So, it is no wonder that we notice marvelous influence of foreign styles on Kerala’s architecture. It is your passage to the land, spurred on by remnants and memoirs-sometimes as simple as a piece of wood and sometimes as mysterious as a burial urn. Arjuna Nritham or the ‘dance of Arjuna’ is supposed to have evolved from Arya – Dravidian culture. The instruments used are Harmonium, Mrudangam, Ganchira and Kaimani. Only through rigorous training lasting many years one can aspire to master the craft of Kutiyattam. As soon as the lamp kept on the stage is lit, the Arangukeli begins. Velakali originated in Ambalappuzha where Mathoor Panicker, chief of the Chempakasserri army, to boost the martial spirit of the people.
Housed in a Heritage Building ' Park View Bungalow' -one that saw history in the making- KERALAM captures the quintessence of the land in an enchanting 7,000 sq. Here, quaint hallways, majestic pillars and wooden staircases built in a mix of traditional and colonial style, will lead you across different time zones and spaces, to reveal the soul of Kerala. Palaces are living legacies left behind by departed kings. The belief is that soon after the Kurukshetra war, Arjuna danced before Bhadrakaali in order to appease her. Ayappan Theeyattu, a ritual art form popular in Central Travancore and is dedicated to Lord Ayyappa. The word Kutiyattam literally means "acting together". One of the largest vegetarian feasts in India, the Aranmula Vallasadhya is a ritual offering to the deity Lord Parthasarathy. Other descriptive names given to the Arangukeli include Shuddhamaddalam, Kelikkai and Ganapathikkyu Koduka. Dancers wear colourful and attractive costumes similar to that of the Nair soldiers of the olden days.
There is an interesting legend attributed to the origin of the temple, which is now administered by the Travancore Devaswom. Cher means bank or mud and alam is a word for area or place. Miniature forms of the human body and limbs are also given as offerings to the mosque. The commonly used alternative by performers is to shift ...
Malabar was an alternative name used by travelers to Kerala, during ancient times. A festival, which is more than 400 years old, Appa Vanibha Nercha attracts thousands of believers. This is a ritual performed as part of the performance when kathi, kari and thaadi characters enter the stage.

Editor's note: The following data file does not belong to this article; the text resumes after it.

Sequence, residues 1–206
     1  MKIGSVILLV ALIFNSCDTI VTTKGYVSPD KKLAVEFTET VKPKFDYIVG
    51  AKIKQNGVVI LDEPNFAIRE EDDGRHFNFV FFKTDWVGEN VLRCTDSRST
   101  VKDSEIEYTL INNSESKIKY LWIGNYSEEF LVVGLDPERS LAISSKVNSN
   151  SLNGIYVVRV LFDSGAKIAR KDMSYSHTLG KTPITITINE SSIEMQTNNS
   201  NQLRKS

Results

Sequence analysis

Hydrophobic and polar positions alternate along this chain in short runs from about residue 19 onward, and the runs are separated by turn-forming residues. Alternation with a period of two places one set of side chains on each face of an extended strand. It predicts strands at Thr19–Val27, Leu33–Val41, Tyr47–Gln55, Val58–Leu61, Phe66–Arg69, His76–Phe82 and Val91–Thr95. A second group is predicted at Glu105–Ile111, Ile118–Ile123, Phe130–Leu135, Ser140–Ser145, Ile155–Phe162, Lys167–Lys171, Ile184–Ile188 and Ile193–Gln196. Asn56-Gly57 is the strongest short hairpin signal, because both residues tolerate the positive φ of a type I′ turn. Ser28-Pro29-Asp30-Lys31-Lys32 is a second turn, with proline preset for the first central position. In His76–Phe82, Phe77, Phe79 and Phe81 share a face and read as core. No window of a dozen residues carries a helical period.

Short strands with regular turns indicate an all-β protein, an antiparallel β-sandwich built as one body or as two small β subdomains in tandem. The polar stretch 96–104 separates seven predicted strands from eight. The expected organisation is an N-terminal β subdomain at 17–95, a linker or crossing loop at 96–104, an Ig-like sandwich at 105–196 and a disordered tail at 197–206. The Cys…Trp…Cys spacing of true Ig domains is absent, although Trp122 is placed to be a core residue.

The words Kuthira Malika means ‘mansion of horses’ and the uninitiated may think that the palace is a grand stable built to house horses. Ochira Kalakettu is a ritual related to irupathi ettaam Onam (28th Onam day) at Ochira Parabrahma temple. The dance is performed at night for four consecutive nights. The dances begin with the men of the community gathering in the temples and performing a rhythmic circular dance called Vattakali. The festival concludes with the aaratt or the ritual immersion ... Every mudra or hand gesture has a particular meaning. In the olden days it was performed elaborately over a period of forty-one days.
In reality, the building gets the name from the row of horses that are sculpted into the brackets that support the roof. Gigantic effigies of bulls in pairs called kettu kaalakal are made and displayed in the temple premises. Vattakali is a ritual, it is followed by Purattukali, an entertainment. Just before the kali, kelikottu is done heralding the beginning of the main play. This famous Vishnu temple in Thiruvananthapuram city has Lord Vishnu as its principal deity, seen reclining on Anantha, the serpent. Ashtapadi, another name for the Sanskrit work Gita Govindam (13 A. This writer was a member of the royal assembly of Lakshmanasenan, a Bengali king. In Kathakali, hasthamudrakal form the most important part of Angikaabhinayam. The narrative used for the performance is a mixture of prose and poetry called Adalpattu. Theeyaattu is a ritual art form which has a mention in the ancient Malayalam texts like Keralolppathi and Sanghakkalippattu.
They tell us many stories and let us have glimpses of a past when palaces were glorious power centers. This ritual art form is performed by men of Vilkurup and Ezhava communities. The dance is performed in front of a lighted traditional lamp. A temple art form performed mainly by Thiyadi Nambiar community, the instruments used for Ayyappan Theeyattu are Para (a smaller version of the Chenda) and Chenda. In this ritual the oarsmen of the snake boats are offered a feast. This event that stretches to more than two hours combines ritual offerings, sports and music. The only two instruments used are the maddalam and the ilathaalam. The dancers carry a painted shield in the left hand and a stick (Churikakkol) in their right hand and the performance resembles the actions in a battle.